DOT ruling: Masks on US Airlines not Mandatory

DOT ruling: Masks on US Airlines not Mandatory

US President Trump was rushed to a hospital today with Coronavirus. Every health agency in the world says wearing a mask is a major key to limit the spread of the virus, but the U.S. Department of Transportation(DOT) denies the need for mandatory masking regulation for air travel.

Masks remain mandatory on most airlines in the world, also in the United States, but in the US this is only a voluntary policy put in place by individual carriers.

Paul Hudson, CEO of Flyers Rights today received a letter from DOT after he equested that submitted comments be posted on the public docket instead of being suppressed.  Flyers Rights filed a petition in August.

DOT ruling: Masks on US Airlines not Mandatory

Paul Hudson
President, Flyers Rights Education Fund
4411 Bee Ridge Road,# 274
Sarasota, FL 34233

RE: Petition for Rulemaking (Docket DOT-OST-2020-0135)

Dear Mr. Hudson:
This letter responds to the petition for rulemaking dated August 4, 2020 that you filed on behalf of the Flyers Rights Education Fund in Docket DOT-OST-2020-0135.

The petition urges the U.S. Department of Transportation (Department) to issue an interim final rule mandating airlines and airport operators to require all persons to wear protective face masks or coverings at all times, with exceptions for eating or drinking, verification of identity, and operational reasons. The petition also requests that the interim final rule require airlines and airport operators to enforce the face mask mandate by either refusing to transport or removing from airport property any individual who does not wear a face mask after being informed of the mandate.

Pursuant to 49 CFR § 5.13(c), any person may file a petition with the Department to issue, amend, or repeal a rule. After considering the petition, I have determined that rulemaking is not warranted.

The Department shares the concerns expressed in the petition about the health of the traveling public, airline staff, and airport workers and has taken numerous steps to ensure that critical health and workplace protocols issued by the Centers for Disease Control and Prevention (CDC) and the Occupational Safety and Health Administration (OSHA) are observed in our air transportation system. Through an interagency effort with the Departments of Health and Human Services (HHS) and Homeland Security (DHS), the Department also issued comprehensive guidance on the use of face masks and other health risk mitigation measures for airports and airlines titled “Runway to Recovery: The United States Framework for Airlines and Airports to Mitigate the Public Health Risks of Coronavirus.”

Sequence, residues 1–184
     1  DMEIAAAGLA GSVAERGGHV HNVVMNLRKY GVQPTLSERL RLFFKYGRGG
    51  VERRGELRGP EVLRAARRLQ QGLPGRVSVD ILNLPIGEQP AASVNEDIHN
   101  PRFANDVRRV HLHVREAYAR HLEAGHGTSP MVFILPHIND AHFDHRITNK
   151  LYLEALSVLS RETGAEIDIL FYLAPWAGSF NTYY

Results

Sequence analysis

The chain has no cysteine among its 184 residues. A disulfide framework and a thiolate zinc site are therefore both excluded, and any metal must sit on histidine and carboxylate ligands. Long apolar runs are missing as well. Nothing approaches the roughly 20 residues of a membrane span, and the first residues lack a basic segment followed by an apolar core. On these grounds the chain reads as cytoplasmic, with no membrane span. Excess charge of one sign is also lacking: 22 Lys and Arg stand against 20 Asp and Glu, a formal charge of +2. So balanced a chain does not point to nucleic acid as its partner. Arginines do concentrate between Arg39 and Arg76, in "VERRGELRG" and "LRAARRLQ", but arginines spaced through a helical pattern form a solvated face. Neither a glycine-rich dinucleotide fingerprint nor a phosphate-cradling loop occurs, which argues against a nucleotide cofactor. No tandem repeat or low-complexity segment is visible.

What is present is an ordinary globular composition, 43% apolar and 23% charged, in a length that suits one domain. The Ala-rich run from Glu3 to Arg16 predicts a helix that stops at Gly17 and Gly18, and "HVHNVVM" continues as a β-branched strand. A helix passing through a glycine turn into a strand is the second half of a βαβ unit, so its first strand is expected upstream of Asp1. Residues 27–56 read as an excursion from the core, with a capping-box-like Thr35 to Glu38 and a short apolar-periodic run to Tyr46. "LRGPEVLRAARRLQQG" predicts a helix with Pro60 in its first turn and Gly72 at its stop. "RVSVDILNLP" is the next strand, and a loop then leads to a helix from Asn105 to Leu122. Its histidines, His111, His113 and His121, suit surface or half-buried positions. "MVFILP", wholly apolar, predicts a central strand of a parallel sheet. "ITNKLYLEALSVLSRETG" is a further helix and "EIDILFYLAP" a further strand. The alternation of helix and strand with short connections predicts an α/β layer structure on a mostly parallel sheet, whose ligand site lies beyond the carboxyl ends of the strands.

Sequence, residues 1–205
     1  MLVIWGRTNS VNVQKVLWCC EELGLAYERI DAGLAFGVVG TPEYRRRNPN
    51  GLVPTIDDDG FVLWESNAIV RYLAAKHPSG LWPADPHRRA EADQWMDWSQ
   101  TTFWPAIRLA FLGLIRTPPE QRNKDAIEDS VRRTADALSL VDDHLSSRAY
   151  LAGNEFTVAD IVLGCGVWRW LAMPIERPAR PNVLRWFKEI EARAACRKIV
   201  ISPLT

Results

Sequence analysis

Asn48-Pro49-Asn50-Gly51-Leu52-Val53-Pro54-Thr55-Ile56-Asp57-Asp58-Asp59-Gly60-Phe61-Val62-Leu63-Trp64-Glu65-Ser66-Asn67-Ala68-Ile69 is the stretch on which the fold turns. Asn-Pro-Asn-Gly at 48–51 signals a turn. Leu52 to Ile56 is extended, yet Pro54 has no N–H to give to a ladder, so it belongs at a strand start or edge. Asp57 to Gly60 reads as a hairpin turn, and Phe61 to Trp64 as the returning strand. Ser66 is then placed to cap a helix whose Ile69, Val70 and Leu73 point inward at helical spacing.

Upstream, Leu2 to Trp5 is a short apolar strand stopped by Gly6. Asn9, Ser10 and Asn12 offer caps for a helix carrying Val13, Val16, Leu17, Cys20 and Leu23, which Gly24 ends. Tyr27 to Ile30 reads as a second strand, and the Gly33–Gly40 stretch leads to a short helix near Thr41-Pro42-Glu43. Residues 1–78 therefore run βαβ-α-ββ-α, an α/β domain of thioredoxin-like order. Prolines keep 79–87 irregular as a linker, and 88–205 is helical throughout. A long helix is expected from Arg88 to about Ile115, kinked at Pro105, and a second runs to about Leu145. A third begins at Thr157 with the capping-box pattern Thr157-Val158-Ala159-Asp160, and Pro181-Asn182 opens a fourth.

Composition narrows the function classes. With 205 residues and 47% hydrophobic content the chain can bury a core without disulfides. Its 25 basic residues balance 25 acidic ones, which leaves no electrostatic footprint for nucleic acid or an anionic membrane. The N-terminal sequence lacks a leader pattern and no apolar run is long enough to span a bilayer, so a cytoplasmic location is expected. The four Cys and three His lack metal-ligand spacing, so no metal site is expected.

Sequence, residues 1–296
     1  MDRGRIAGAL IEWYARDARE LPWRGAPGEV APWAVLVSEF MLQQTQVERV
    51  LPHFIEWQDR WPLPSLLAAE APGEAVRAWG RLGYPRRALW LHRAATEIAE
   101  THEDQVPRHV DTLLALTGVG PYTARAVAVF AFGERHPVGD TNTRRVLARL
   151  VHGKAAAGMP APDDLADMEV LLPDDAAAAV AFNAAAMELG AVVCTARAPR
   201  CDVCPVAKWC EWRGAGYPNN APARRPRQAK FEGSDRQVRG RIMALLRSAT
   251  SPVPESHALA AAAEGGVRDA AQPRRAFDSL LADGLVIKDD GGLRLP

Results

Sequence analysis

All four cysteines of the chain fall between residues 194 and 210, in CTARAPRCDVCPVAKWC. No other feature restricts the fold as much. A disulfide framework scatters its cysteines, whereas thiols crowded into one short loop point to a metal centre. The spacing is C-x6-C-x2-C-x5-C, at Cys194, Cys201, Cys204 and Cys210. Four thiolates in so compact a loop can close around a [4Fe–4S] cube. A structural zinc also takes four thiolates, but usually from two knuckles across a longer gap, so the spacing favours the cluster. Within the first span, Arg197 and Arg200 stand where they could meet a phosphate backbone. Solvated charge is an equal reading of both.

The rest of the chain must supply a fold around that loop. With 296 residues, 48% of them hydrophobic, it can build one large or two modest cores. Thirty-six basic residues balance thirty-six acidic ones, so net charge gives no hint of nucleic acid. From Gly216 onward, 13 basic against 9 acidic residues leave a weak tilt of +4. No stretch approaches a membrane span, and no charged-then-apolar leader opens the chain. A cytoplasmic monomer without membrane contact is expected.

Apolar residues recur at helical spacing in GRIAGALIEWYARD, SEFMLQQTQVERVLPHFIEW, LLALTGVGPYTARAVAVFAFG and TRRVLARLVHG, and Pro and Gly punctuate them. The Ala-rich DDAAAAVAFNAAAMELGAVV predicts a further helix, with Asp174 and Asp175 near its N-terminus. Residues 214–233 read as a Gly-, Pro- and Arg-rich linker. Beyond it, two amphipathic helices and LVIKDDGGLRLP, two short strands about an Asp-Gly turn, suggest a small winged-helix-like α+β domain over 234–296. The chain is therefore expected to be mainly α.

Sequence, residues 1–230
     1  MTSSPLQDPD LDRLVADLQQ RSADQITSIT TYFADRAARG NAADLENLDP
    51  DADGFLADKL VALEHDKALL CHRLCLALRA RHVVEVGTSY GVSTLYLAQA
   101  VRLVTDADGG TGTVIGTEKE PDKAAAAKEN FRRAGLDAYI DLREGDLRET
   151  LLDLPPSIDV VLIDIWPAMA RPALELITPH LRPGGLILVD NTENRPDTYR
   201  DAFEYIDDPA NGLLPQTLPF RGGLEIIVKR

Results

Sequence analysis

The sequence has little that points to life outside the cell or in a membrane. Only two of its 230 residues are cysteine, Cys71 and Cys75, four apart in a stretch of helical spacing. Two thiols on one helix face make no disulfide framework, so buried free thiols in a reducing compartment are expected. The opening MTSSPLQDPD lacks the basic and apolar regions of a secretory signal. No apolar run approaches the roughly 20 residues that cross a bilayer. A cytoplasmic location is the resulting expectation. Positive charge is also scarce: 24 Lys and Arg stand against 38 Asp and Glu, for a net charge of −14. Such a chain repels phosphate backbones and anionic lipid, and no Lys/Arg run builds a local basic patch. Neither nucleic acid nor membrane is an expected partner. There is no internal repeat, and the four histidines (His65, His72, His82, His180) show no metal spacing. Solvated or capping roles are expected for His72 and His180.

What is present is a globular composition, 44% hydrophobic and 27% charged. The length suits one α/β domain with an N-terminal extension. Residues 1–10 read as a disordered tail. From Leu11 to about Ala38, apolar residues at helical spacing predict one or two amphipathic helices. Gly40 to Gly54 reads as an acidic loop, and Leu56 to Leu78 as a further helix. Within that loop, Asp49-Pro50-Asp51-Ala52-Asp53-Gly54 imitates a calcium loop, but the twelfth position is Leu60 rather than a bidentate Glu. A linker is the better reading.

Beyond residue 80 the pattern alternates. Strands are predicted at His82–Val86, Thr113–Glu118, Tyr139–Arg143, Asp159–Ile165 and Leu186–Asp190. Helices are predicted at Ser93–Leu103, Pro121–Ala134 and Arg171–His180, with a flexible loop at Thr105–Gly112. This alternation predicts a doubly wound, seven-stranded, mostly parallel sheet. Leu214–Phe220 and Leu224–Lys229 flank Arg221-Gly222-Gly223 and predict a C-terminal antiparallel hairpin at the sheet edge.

This detailed set of guidelines provides airports and airlines a risk-based approach for incorporating critical protections in the passenger air transpo1iation system that is premised on CDC guidance. Specifically, the framework provides that airlines and airports should have face masks or coverings available for passengers and workers who do not have one and should mandate their use when maintaining the recommended six feet between persons for social distancing is not possible.

Further, airlines and airport operators have adopted policies requiring face masks for passengers and crew. All major U.S. air carriers and most others require the use of face masks.

The Department also embraces the notion that there should be no more regulations than necessary. We emphasize consideration of non-regulatory solutions and have rigorous processes in place for continual reassessment of existing regulations to ensure they remain cost-justified and narrowly tailored to address an identified market failure. At this time, the Department’s view is that the measures discussed above, along with the ongoing efforts of key transportation stakeholders, are adequate to address the concerns identified in the petition without the initiation of a rulemaking process.

For these reasons, pursuant to the authority delegated at 49 CFR § 1.27, I deny the petition. The Department will continue to monitor relevant health and workplace guidelines issued by CDC and OSHA, and their incorporation by aviation transportation stakeholders, to help prevent the spread of the coronavirus disease 2019 ( commonly known as COVID-19) and maintain health in the air transportation system.

Steven Bradbury, General Council


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